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Wyoming Vulnerable to Water Scarcity as Planet Warms
LARAMIE, Wyoming, January 26, 2010 (ENS) - Wyoming's water resources are vulnerable to climate change because Wyoming is a dry state, a headwaters state, and a state that relies on mountain snow as its main source of surface water, concludes a report by University of Wyoming scientists released today.

The Ruckelshaus Institute of Environment and Natural Resources produced the report, "Assessing the Future of Wyoming's Water Resources: Adding Climate Change to the Equation," as a basis for water management strategies.

"This report covers what we know and what we wish we knew about Wyoming and the West's changing climate and the various impacts on water resources," says Wyoming State Climatologist Steve Gray, the lead author and director of the Water Resources Data System at University of Wyoming.

"There is mounting evidence that the Earth is experiencing a warming trend," and, as a result, "any increase in temperature will increase the impact of drought just as population growth and other factors have greatly increased the West's vulnerability to water shortages," the report warns.

Gray explains that downstream states are buffered from the types of drought seen in Wyoming because dryness in one area can be offset by wet conditions in another. In many cases, through compacts and decrees, water is stored upstream for these states.

But Wyoming is more exposed to drought and the potential impacts of climate change for three reasons, the report states.

First, Wyoming is the fifth driest state in the United States. More than 70 percent of the state receives less than 16 inches of precipitation on average each year. Though technically speaking, much of Wyoming does not qualify as true desert, it is a dry state by any measure.

North Platte River at Eagles Nest, Wyoming (Photo by Marek Uliasz)

Second, the majority of snowpack in Wyoming is concentrated in a relatively small area that is responsible for the majority of Wyoming's runoff and surface water supplies. Any events such as changes in climate, vegetation change, fires, or insect outbreaks that impact these mountain watersheds will have major consequences for all of Wyoming's water users, and for water users far downstream.

Finally, Wyoming is a headwaters state for some of the largest river systems in North America, including the Snake-Columbia, Green-Colorado, Yellowstone-Missouri, and Platte Rivers. This puts Wyoming at a disadvantage when faced with many scenarios for climatic, economic, and demographic change, according to the report.

"The drought conditions that have occurred during the last several years in the Western United States, particularly in Wyoming, have provided academia, agriculture, industry and tribes the impetus to manage water and watersheds more efficiently," says Gary Collins, a member of the Ruckelshaus Institute Board and tribal liaison for the Northern Arapaho Tribe and the state of Wyoming.

"The greater demand for water by growing populations and energy development will require all entities to work compatibly to sustain an accepted quality of life for all," Collins said.

The Rocky Mountain West is the fastest-growing region in the country, the report points out particularly in the "persistently water limited Colorado River Basin."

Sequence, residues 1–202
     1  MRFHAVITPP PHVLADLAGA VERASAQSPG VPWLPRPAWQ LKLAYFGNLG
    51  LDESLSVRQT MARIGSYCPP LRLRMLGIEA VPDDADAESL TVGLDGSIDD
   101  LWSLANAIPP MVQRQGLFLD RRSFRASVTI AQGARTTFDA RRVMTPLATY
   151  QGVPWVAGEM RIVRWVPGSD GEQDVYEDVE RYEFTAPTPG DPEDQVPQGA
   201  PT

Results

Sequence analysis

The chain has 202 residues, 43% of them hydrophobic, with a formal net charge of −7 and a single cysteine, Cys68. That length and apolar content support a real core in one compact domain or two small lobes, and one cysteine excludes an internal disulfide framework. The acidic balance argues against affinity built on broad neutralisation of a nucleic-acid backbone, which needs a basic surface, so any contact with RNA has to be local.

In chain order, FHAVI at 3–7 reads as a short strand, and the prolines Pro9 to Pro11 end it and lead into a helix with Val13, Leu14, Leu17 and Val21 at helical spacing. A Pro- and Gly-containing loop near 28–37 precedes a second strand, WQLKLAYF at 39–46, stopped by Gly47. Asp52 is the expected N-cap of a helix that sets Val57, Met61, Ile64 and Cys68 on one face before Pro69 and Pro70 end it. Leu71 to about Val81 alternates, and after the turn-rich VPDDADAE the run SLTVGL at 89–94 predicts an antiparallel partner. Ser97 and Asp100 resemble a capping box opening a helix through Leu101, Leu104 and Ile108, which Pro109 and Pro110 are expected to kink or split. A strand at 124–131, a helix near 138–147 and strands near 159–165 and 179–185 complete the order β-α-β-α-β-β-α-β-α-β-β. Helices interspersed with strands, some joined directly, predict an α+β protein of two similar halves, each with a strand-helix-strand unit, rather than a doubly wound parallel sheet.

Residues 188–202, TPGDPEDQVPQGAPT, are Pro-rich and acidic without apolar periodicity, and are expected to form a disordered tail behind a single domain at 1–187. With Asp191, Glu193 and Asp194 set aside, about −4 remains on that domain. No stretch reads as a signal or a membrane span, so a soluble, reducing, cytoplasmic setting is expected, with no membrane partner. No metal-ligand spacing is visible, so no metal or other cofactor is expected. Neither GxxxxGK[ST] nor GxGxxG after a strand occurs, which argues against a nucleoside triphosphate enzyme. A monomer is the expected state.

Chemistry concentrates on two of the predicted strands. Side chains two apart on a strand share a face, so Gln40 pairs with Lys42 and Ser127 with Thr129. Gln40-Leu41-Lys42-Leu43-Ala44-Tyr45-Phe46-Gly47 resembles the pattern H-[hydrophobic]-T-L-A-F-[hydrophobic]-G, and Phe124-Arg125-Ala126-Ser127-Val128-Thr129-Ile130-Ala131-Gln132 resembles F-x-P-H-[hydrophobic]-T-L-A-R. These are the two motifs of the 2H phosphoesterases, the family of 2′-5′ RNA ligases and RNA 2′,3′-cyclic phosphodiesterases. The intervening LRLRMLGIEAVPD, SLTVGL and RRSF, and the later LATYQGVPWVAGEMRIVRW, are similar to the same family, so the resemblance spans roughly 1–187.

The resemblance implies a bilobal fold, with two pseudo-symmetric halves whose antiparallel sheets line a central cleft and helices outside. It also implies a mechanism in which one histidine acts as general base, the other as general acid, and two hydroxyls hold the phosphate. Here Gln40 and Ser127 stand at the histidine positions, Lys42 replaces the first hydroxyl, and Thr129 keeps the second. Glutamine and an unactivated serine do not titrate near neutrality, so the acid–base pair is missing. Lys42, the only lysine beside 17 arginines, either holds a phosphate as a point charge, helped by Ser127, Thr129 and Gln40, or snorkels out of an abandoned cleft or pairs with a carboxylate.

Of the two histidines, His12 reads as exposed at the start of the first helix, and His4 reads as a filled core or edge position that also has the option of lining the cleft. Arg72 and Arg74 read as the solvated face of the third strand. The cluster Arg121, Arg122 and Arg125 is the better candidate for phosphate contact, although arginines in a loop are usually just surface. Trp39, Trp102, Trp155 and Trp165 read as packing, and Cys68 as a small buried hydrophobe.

Six of the 10 fastest growing states and many of the fastest growing U.S. cities are located within the basin according to 2007 U.S. Census Bureau data. The Colorado River itself is already the primary water supply for 27 million people in seven U.S. states, plus two states in Mexico and dozens of Native American tribes.

Projections suggest that the Colorado River Basin may be home to almost 40 million people by 2020.

Today, relatively few Western river systems have any water available for new uses, the report states. In Wyoming's North Platte Basin, for example, every drop of water has been legally allocated.

Multiple factors have led to the over-allocation of Colorado River water, and several downstream states have historically used more than their legal share. As a result, water to support development in much of the West must come from alternate sources such as groundwater, transbasin diversions, or more often, from existing uses.

"Recognizing the importance of collaborative research and knowledge, the institute and its faculty partners have tackled this issue head on, and we hope this effort will lead to additional research and information," says Indy Burke, director of the university's Environment and Natural Resources program.

"Wyoming has taken several steps to better address drought and water demands," says Burke. "This includes the university's state and federal partnerships in watershed planning and ongoing monitoring of water quality and drought assessments across the state."

The institute hopes to attract a broad audience with the brochure-type publication, which features easy-to-read text, color graphics and sidebars. Click here to view the report on the Ruckelshaus Institute website.

The institute was named in 2002 after William D. Ruckelshaus, who in 1970 became the first head of the U.S. Environmental Protection Agency in the administration of President Richard Nixon.

Copyright Environment News Service (ENS) 2010. All rights reserved.



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